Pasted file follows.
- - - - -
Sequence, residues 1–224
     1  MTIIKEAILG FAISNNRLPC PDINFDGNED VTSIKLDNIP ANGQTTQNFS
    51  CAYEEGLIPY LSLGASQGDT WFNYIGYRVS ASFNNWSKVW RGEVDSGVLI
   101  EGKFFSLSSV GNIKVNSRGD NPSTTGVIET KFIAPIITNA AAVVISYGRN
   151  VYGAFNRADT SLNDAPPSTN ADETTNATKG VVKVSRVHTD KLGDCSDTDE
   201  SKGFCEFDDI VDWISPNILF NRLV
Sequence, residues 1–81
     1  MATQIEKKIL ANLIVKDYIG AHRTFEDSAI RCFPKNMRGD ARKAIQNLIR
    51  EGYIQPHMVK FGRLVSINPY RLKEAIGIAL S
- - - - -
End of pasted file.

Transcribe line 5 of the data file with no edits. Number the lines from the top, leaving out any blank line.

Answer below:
   151  VYGAFNRADT SLNDAPPSTN ADETTNATKG VVKVSRVHTD KLGDCSDTDE